UN Secretary-General Ban Ki-moon and former U.S. President Bill Clinton will visit Haiti March 9-10 to promote international aid for Haiti. According to UN Peacekeeping Chief Alain Le Roy, ''Clearly it's a fragile situation in Haiti. There are still lots of difficulties but we think Haiti is winnable." Also noteworthy is that a long awaited donor conference has been set for April 13-14 and will be chaired by the Inter American Development Bank. Expect food security to be an important part of these discussions.
Below is a press release by the World Bank welcoming the Swiss decision to return six million dollars in assets stolen from the Haitian people by Jean Claude Duvalier. Duvalier still has thirty days to appeal although it is unlikely he would succeed. These funds would be used for humanitarian projects in Haiti. While the sum is not large, it shows that Haiti, and the international system of which it is a part, are willing to go after dictators (and ex-dicators) who enrich themselves by impoverishing their own countries.
During a recent visit to Haiti, World Bank President Robert Zoellick warned that Haiti is at a ''tipping point'' given the billion dollars of damage caused by flooding from tropical storms. For the first time in years, Haiti has a legitimately democratic, albeit struggling, government. Given the World Bank's problematic history in Haiti, the agency should help the government by forgiving its debt -with the caveat that funds would be subject to external oversight and directed to disaster preparedness and response as well as reviving the agricultural sector.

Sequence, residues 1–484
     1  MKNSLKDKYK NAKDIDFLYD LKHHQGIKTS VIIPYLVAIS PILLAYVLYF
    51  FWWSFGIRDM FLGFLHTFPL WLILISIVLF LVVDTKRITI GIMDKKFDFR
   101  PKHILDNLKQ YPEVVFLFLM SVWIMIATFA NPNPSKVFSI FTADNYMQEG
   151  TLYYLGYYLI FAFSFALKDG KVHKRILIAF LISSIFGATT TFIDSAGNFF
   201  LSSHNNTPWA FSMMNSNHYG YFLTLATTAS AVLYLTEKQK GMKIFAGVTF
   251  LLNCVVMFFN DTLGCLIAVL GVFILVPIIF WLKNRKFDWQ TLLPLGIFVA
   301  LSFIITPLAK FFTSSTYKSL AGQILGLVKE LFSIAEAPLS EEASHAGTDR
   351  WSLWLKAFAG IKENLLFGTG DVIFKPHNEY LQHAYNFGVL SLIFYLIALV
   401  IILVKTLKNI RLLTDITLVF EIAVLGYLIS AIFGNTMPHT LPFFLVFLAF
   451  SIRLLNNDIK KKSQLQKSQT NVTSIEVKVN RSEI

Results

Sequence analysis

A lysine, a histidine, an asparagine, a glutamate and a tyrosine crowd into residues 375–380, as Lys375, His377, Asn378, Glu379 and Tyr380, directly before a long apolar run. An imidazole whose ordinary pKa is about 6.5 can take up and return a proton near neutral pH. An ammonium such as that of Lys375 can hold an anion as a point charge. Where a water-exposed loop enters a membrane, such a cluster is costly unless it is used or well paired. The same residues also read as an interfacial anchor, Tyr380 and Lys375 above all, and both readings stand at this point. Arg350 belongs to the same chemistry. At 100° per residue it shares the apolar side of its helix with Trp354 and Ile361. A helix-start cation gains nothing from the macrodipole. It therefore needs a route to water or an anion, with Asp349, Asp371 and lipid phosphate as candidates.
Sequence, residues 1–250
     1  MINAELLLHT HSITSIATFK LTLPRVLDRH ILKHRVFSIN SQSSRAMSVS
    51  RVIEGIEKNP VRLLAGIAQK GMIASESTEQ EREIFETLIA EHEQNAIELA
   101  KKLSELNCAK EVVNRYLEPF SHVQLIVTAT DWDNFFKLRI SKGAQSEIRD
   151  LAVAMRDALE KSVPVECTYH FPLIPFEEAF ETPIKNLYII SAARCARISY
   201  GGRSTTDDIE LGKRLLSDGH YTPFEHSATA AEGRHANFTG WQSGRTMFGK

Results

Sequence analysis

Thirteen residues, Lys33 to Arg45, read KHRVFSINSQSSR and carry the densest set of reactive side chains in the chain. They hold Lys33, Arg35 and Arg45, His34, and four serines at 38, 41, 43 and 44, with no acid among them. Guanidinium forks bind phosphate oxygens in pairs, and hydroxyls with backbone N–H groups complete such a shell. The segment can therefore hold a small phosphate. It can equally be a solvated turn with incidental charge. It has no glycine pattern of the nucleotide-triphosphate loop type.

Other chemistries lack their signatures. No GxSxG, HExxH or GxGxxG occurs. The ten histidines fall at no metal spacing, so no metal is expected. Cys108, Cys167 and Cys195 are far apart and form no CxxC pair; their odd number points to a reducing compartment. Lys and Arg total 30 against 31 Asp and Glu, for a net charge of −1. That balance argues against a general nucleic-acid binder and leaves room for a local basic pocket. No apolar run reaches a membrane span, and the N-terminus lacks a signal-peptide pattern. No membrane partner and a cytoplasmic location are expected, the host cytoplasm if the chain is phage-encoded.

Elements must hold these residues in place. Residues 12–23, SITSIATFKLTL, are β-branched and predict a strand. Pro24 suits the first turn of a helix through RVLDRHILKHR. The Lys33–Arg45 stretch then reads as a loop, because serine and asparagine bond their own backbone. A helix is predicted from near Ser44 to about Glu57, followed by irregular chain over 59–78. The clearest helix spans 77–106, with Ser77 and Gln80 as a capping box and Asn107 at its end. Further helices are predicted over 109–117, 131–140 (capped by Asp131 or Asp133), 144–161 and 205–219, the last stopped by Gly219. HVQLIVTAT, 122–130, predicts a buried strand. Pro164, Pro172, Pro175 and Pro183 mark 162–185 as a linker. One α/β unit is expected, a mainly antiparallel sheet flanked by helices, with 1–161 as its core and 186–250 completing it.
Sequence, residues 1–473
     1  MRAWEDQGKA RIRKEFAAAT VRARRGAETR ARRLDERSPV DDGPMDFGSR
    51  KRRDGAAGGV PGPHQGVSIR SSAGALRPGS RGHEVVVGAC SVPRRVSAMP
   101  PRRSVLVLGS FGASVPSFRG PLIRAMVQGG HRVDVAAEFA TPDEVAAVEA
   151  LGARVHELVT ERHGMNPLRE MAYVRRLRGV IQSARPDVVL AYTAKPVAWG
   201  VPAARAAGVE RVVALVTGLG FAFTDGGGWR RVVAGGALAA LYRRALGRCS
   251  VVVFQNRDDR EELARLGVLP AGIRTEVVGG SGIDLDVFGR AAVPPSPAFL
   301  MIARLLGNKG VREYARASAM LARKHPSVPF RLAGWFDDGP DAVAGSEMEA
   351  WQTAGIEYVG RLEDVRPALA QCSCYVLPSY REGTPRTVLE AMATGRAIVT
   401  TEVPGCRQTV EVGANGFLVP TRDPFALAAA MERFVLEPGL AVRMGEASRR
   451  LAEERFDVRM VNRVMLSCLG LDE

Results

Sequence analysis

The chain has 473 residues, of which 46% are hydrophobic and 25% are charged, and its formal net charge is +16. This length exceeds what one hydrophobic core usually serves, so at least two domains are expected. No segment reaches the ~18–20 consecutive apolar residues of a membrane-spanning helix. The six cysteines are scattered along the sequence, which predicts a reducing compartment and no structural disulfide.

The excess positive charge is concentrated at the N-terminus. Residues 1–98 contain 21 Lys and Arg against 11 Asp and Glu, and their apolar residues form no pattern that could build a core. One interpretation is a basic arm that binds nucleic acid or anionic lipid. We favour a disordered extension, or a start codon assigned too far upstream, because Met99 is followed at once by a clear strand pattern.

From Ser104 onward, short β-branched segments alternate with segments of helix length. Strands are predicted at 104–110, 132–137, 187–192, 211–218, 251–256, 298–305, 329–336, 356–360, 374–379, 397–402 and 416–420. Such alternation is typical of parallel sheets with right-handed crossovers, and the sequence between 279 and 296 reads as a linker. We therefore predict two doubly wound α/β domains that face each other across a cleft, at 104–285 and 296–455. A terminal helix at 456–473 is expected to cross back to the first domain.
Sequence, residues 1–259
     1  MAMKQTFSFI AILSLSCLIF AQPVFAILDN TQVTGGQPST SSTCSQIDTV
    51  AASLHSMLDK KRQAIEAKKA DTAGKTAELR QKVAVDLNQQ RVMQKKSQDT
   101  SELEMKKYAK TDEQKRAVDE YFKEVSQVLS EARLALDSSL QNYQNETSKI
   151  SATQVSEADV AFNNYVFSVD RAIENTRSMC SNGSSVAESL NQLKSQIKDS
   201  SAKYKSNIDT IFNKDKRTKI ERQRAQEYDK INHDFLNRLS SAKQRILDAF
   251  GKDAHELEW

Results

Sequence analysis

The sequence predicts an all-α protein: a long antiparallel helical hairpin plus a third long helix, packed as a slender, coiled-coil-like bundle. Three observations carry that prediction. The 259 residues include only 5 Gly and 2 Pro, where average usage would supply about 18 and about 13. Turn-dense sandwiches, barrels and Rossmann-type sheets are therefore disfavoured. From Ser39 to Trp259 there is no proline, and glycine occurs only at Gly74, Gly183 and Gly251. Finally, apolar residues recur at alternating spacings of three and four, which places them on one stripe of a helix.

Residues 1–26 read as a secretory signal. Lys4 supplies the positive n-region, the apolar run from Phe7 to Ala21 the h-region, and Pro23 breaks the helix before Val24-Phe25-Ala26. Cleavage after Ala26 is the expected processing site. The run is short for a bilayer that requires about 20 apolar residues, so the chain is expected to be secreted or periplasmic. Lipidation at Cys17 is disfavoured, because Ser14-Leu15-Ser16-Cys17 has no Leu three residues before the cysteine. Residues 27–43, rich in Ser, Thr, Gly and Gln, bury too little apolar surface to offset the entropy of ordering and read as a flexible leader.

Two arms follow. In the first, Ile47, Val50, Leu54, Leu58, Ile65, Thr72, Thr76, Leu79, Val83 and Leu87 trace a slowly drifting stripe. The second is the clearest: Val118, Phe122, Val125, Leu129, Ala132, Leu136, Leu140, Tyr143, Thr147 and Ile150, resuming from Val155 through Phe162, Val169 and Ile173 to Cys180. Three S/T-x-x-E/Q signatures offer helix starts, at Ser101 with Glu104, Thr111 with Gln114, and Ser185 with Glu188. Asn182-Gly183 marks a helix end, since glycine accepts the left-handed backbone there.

Is the third time the charm? Prime Ministerial Candidate number three Michèle Duvivier Pierre-Louis was approved in a 61-1 vote in Haiti’s lower legislative chamber. Sexism, homophobia, and power politics could yet derail this nomination. Haiti needs a Prime Minister in order to have a functional government that can tackle developmental challenges, chief among them food insecurity.
Strike two. Preval’s second nominee for the position of Prime Minister was rejected. While food insecurity continues, politicians squabble. I have a modest proposal - Give the politicians concerned one meal a day until a Prime Minister has been selected and a new goverment can be formed. This is, after all, the reality for many in Haiti. I suspect officials would work out a solution rather quickly.
Everyone agrees urgent action is needed to address global food security but no one seems to agree on what should be done. The U.N. Food and Agricultural Organization (FAO) called a summit to discuss steps for addressing food insecurity. Anytime +180 countries need to come to an agreeement on this issue, there are bound to be "food fights." If, as the FAO says, food output must double by 2050 to meet demand, we have a long way to go. While there were no shortage of ideas raised at the Rome Summit, only sustained committment and long term action will make a difference in countries like Haiti.
Attached is an assessment carried out by the World Bank's Energy Sector Management Assistance Program (EMAP) on Haiti's reliance on wood based charcoal for its energy needs - estimated to be about 70% of total energy usage. Having read the assessment, I feel it raises some sensible interventions even if they do not go far enough. However, the strategy could provide a foundation upon which to build.